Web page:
6. Taking advantage of the knowledge gap

The audience’s lack of knowledge about hypnosis also plays into the hypnotist’s hands when it comes to his failure to challenge certain suggestions. For example, the subject can be told that their ‘arm is as rigid as steel’ but the instruction to attempt to ‘bend it' is withheld.



7. Nothing but a stooge!

Stage hypnosis productions can even plant stooges in the audience, who can be the first “volunteer” and the first to respond strongly to each suggestion the hypnotist gives. This in turn encourages the other volunteers to follow suit and imitate his responses.


Whilst the stage hypnotist is relying upon at least a few of the volunteers from the audience to be highly suggestible extroverts, having a stooge to hand will always make the more difficult and dramatic suggestions a definitive success, leading to rapturous applause from the audience, rave newspaper reviews, and a possible Netflix special.



Stage Hypnosis and Hypnotherapy; Are there ANY similarities?


It should go without saying that hypnotherapy fails to match the pageantry of stage hypnosis. You will find no smoke and mirrors or performing stooges in your hypnotherapy sessions; no sleight of hand or enraptured audience.


But in spite of such clear differences between, there are things hypnotherapists can learn from stage hypnosis.


Firstly, it demonstrates the importance of the hypnotic subject’s motivation and willingness to participate in the therapeutic process .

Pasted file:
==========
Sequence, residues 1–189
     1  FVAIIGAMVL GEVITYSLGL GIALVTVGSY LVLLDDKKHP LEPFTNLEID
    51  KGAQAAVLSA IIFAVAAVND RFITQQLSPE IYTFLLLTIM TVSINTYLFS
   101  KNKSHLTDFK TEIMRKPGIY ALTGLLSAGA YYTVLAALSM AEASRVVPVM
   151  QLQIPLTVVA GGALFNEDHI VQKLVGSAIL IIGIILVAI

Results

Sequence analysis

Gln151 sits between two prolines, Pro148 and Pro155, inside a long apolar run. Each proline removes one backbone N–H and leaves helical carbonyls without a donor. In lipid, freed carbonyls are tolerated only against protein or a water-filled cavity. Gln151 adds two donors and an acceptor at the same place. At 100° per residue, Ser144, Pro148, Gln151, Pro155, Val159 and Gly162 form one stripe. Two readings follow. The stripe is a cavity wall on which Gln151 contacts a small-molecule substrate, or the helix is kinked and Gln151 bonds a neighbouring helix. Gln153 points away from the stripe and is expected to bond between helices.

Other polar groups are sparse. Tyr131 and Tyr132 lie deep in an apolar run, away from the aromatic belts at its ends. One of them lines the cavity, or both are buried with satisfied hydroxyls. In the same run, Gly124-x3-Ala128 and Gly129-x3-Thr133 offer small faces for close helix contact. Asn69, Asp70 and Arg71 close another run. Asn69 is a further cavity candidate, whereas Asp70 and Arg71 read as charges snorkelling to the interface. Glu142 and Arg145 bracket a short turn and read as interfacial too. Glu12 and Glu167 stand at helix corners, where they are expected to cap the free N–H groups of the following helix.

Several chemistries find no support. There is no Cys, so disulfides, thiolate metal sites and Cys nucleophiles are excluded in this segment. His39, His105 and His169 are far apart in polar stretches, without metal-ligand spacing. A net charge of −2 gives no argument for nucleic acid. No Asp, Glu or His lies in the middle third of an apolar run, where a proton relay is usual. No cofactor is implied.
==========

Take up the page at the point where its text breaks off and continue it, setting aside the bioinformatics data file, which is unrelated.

Much like carefully selected audience members, clients seeking therapy need to be goal driven, willing and ready to make changes, and to be a dedicated participant in the process. Without active participation from clients, any suggestions – be that to overcome panic attacks in a therapeutic environment, or sing like Pavarotti on cue in front of a paying audience – are futile.


Finally, stage hypnosis shows what people can do, outlandish as it may considered to be, when they commit their mind to something, when they are motivated and give maximum effort toward a desired outcome. To change their lives for the better.


Whilst the entertainment factor may be left wanting, the potential benefits toward emotional and psychological health and well-being are immense.


Hypnotherapy and Mindfulness in Harley Street


The Mindful Therapist Harley Street combines techniques from CBT, Hypnotherapy & Mindfulness to provide a structured and straightforward approach to therapy.


Please click on the links below to find out more about how Hypnotherapy can help you today.

Harley Street Hypnotherapy - Social Anxiety
Harley Street - Mindfulness-Based Therapy
Harley Street Hypnotherapy - Generalised Anxiety Disorder
Harley Street Hypnotherapy - Panic Attacks
Harley Street Hypnotherapy - Performance Anxiety
Harley Street Hypnotherapy - Phobias
Harley Street Hypnotherapy - Stop Smoking





Harley Street Hypnotherapy - Stress Management



Harley Street Hypnotherapy - Habits & Addictions




References

M.Heap, K.K Aravind, Medical and Dental Hypnosis, Harlands (2002)